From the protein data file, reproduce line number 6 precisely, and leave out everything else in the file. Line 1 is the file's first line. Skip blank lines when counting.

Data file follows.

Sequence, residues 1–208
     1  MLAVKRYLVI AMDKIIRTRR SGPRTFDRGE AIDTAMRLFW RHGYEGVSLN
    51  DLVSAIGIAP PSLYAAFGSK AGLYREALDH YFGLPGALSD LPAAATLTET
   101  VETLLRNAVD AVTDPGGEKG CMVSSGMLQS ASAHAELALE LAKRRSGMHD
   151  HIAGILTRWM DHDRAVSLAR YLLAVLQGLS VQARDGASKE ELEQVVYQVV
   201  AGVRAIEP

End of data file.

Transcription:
   201  AGVRAIEP